The great missionary physician, Dr. Albert Schweitzer, said: “Each patient carries his own doctor inside himself. Patients come to the physicians not knowing this truth. We are best when we give the “doctor who resides within each patient a chance to work.” Are you able to give opportunity for the “doctor who resides” within you to work? Here is a simple self-administered test from a study by Dr. Carl Simonton. The answers to these questions are simple, yes or no. The questions are the following: Do you have a tendency to hold resentment? Yes or no? Would you rather carry a grudge than forgiveness? Yes or no? Would you rather cry in self-pity than invite a friend out for dinner? Yes or no? Do you have problems in developing and maintaining long-term relationships? Yes or no? Do you have a low self-image? Yes, or no? If your answers are more “yeses,” according to Dr. Simonton’s test, you are not giving the “doctor who resides within you” a chance to work. Yes, means you are most vulnerable to illness, and it brings us closer to death and destruction.
“Jesus shows God’s marvelous generosity by giving the recipients life and salvation in addition to physical healing…”
The first reading, from the Book of Wisdom (1: 13-15, 2: 23-24), tells us that life and health is a gift from God. However, it is the work of Satan that produced illness and death. The author is also referring to a kind of death which is the eternal separation from God as the result of sin. When we sin, we cooperate with the devil’s plan for our death and destruction. This reading also suggests that the goal of our lives on earth is to know, to love, and to serve God here on earth, with perfect health in body and soul. The responsorial Psalm (Ps 30) celebrates Christ’s victory over death. The second reading from St. Paul’s letter the 2 Corinthians (8:7-15) requests the Christian community to show the same kind of kindness, compassion, and generosity to those starving and suffering Jewish brothers and sisters in Jerusalem as Jesus showed to those who came to him for healing. The generosity of Jesus is the primary emphasis of this weekend’s liturgy. St. Paul describes Jesus’ life, death, and resurrection as “the gracious act of our Lord’s generosity.” Today’s Gospel describes two of our Lord’s miracles, the healing of a woman who suffered from chronic bleeding and the restoration of life to Jairus’s daughter. These healings reveal Jesus as a generous, kind, and compassionate God Who wills that humanity should live life in its fullness and wholeness. These miracles were performed by Jesus as a reward for their faith and trust in Jesus. The Faith of the ruler may have been defective, and that of the woman may have been superstitious, yet Jesus rewarded the Faith by granting them health and life.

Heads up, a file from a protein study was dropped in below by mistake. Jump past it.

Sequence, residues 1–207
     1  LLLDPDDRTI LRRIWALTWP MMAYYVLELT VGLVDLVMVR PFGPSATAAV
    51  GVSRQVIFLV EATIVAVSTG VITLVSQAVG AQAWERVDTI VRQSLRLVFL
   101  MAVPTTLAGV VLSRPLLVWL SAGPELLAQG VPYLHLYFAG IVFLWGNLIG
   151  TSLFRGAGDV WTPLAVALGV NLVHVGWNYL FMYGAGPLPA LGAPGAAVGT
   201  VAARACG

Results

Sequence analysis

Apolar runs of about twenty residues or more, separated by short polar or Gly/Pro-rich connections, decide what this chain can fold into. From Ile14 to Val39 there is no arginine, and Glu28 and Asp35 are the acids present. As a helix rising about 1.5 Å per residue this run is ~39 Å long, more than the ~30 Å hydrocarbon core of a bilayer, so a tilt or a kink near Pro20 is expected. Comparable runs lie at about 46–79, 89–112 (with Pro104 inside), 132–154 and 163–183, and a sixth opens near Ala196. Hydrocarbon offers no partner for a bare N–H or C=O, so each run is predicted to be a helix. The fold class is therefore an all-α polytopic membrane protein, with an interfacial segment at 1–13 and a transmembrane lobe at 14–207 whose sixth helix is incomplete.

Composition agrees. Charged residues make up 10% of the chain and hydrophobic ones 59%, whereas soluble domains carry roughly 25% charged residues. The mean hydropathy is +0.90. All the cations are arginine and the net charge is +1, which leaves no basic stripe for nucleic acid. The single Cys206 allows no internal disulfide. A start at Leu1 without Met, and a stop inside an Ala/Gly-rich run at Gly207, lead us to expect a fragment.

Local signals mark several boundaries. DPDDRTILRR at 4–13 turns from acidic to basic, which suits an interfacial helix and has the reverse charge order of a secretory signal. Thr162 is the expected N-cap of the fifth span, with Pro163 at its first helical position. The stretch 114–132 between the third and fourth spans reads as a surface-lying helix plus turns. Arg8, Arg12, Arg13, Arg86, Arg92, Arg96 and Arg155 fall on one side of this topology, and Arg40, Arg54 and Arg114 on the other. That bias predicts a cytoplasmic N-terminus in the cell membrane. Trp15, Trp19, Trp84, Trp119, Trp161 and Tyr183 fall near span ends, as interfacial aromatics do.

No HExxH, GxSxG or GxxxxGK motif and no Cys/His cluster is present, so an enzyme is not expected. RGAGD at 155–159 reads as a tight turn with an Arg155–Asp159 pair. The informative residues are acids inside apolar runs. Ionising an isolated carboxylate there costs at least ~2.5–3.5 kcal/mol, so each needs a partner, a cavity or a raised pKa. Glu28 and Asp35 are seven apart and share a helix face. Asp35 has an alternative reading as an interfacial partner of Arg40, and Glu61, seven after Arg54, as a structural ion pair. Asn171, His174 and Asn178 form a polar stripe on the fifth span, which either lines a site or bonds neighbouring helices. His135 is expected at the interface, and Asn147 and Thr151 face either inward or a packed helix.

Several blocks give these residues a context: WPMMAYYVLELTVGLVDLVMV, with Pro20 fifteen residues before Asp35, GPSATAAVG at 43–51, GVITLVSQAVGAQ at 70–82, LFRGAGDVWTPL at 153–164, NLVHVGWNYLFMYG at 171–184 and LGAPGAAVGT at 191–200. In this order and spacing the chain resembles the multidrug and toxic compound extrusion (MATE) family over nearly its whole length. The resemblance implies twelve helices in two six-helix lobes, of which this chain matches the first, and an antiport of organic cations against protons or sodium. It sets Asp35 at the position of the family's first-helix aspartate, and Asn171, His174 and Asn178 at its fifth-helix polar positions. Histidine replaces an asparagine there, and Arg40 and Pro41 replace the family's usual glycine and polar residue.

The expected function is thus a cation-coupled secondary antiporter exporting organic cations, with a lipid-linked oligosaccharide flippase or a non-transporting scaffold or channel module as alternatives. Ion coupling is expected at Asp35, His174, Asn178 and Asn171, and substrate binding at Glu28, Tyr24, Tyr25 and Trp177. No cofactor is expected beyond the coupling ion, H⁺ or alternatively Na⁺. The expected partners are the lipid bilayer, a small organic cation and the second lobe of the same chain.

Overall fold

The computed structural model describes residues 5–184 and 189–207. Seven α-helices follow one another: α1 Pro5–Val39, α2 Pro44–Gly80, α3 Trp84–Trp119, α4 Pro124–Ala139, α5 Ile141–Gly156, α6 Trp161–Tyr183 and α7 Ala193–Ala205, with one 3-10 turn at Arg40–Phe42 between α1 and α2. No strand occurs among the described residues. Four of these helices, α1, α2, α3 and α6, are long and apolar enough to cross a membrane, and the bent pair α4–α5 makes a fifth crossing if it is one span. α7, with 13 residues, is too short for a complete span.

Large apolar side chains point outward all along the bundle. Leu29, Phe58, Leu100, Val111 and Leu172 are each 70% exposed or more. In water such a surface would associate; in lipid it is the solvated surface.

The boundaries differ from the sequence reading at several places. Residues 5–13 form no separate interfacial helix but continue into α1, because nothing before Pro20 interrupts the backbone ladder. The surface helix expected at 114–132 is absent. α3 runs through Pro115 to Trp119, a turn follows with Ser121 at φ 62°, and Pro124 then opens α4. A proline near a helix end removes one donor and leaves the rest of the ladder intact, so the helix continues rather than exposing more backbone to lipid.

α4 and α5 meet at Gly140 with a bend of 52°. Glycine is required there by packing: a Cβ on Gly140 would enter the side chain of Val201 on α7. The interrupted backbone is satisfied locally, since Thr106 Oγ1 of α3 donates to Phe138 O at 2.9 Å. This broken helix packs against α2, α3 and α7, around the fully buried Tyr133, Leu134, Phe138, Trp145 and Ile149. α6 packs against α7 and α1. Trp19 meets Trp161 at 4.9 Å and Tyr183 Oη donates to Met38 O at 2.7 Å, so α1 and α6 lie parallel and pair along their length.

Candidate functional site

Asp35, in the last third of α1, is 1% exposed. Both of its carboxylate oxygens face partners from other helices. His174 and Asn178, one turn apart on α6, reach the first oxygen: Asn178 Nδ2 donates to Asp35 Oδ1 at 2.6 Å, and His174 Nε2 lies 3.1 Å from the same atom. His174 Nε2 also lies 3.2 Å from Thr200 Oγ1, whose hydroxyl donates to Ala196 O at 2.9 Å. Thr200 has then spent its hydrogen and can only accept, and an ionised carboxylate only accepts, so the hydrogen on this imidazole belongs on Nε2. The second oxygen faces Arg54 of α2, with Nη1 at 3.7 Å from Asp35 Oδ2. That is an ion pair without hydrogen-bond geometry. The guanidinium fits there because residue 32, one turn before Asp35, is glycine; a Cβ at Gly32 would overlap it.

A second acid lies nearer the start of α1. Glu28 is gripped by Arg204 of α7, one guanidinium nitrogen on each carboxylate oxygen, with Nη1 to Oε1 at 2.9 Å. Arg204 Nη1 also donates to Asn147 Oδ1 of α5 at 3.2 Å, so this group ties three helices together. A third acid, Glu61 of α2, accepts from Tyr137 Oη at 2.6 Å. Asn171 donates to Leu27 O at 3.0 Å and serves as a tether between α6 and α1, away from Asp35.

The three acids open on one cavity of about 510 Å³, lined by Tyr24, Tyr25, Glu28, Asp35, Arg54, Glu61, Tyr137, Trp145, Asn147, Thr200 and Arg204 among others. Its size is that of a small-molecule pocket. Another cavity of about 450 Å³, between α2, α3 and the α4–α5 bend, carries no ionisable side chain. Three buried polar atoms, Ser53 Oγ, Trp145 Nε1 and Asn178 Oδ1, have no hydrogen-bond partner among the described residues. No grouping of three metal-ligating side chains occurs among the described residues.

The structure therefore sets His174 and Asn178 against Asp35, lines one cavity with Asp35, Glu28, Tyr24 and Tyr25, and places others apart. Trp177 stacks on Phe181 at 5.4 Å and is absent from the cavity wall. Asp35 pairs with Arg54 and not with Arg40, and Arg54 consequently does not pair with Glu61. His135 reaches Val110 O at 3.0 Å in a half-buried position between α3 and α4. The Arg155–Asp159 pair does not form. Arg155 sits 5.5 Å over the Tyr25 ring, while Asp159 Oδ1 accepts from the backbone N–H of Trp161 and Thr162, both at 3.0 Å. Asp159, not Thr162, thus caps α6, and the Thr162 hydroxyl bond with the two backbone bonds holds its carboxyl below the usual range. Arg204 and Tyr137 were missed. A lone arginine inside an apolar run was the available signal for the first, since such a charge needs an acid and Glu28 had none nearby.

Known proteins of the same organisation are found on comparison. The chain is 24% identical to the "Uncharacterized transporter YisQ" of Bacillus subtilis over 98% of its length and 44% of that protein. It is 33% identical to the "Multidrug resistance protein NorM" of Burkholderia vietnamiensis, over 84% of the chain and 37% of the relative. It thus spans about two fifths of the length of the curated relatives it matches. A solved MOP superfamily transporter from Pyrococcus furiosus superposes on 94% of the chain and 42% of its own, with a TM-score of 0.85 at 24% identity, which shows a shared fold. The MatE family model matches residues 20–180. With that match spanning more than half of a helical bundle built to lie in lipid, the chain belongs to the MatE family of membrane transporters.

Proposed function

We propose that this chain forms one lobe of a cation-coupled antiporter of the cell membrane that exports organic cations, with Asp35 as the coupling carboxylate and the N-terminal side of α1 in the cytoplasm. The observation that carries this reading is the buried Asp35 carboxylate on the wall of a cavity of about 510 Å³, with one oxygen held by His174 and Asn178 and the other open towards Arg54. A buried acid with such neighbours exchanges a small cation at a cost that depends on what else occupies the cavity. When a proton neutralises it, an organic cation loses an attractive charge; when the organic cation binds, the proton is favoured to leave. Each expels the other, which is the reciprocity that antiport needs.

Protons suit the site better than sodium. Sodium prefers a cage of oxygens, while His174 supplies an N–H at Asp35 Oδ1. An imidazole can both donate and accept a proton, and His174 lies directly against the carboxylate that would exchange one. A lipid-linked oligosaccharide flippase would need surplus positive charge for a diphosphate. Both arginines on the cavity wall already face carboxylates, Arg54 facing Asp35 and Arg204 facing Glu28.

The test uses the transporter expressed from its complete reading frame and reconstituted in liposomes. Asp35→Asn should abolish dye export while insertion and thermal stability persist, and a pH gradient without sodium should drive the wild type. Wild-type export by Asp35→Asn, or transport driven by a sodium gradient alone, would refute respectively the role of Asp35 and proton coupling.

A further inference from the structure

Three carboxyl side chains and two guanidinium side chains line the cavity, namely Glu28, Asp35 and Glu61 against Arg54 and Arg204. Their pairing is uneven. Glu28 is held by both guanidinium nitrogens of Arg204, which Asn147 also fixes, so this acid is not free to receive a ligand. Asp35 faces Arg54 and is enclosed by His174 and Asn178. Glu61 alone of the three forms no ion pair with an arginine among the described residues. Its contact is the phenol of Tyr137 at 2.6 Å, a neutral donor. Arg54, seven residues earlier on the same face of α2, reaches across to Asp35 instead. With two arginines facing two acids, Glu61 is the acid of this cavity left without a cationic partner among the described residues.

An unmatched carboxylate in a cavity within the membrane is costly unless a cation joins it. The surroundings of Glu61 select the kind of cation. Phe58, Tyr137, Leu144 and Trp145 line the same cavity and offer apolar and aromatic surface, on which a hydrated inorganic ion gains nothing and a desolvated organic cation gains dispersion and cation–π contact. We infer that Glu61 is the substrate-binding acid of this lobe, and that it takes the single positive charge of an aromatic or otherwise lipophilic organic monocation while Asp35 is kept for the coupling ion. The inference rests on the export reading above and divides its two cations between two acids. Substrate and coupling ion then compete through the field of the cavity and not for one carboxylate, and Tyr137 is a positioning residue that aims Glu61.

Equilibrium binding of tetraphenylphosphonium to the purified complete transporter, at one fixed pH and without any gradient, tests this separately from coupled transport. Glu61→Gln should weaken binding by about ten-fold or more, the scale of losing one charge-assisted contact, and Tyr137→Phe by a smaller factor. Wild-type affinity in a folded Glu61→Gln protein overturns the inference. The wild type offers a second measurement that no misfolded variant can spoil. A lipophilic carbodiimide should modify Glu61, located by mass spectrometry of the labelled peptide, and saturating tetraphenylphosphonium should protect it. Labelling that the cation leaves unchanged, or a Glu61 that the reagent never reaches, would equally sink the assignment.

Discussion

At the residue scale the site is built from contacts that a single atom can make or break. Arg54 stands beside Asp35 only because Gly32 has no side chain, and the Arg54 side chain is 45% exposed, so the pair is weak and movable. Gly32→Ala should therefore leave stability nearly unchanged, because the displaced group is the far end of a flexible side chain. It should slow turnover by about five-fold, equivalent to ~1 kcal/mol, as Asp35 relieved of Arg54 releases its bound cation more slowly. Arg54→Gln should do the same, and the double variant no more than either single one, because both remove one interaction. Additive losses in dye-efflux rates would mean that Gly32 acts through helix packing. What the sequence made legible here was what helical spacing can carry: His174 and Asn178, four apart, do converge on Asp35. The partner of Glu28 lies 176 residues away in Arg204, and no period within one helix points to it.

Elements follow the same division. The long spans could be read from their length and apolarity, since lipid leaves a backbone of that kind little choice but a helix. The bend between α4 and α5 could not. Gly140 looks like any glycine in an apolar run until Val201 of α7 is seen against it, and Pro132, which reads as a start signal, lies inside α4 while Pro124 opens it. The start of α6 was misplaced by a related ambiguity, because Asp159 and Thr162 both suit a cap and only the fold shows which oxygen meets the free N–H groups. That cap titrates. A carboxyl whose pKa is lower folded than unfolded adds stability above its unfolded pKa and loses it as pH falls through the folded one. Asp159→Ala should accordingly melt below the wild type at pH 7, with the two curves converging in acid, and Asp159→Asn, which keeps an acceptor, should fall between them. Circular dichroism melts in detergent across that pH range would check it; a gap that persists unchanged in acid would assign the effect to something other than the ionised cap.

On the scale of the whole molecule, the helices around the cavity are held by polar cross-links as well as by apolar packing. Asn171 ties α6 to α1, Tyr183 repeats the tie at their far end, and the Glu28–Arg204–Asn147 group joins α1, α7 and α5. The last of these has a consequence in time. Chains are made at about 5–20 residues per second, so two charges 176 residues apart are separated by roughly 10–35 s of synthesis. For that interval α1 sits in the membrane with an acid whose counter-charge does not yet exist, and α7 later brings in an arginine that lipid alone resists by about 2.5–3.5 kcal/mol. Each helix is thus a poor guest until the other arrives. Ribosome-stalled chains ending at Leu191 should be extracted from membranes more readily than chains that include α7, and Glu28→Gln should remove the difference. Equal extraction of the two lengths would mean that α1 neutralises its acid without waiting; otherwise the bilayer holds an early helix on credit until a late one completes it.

Today’s Gospel is often called the “Markan sandwich”, where one story is sandwiched between the beginning and end of another story. Here, we have an unusual combination of two miracles, healing and a restoration of life. The stories have several common features. The girl is 12 years old, and the woman had suffered for 12 years. Both are called “daughters,” and both need physical healing. The girl’s father is encouraged to have Faith, and the woman is praised for her Faith. The two stories illustrate Jesus’ power over both chronic illness and death. In each healing, Jesus shows God’s marvelous generosity by giving the recipients life and salvation in addition to physical healing.
We see in both these miracles of Jesus, His “Ministry of Presence.” He is generous with his time, talents, and blessings. Jesus was willing to travel with Jairus to his home to heal his daughter. After reaching home he was present to the family and brought her back to life. Jesus responded immediately to the woman with the hemorrhage and healed her instantly by being present. In both cases, Jesus brought new life into dark areas and situations of people’s life. It is that compassion of Jesus that urges us to reach out to the needy people and become generous with what we have. Our compassion finds its source and strength in the person of Jesus and his generosity. let us bring our bodily illnesses and spiritual wounds to Jesus for healing. We should pray for healing which will give us spiritual and physical health in every aspect of our lives, so that we may function in perfect harmony with the Will of God, with the people around us, and with the environment.
May God bless us all!
Fr. Tomy J. Puliyan, MSFS
“ Holiness and Happiness through Wellness and Wholeness!”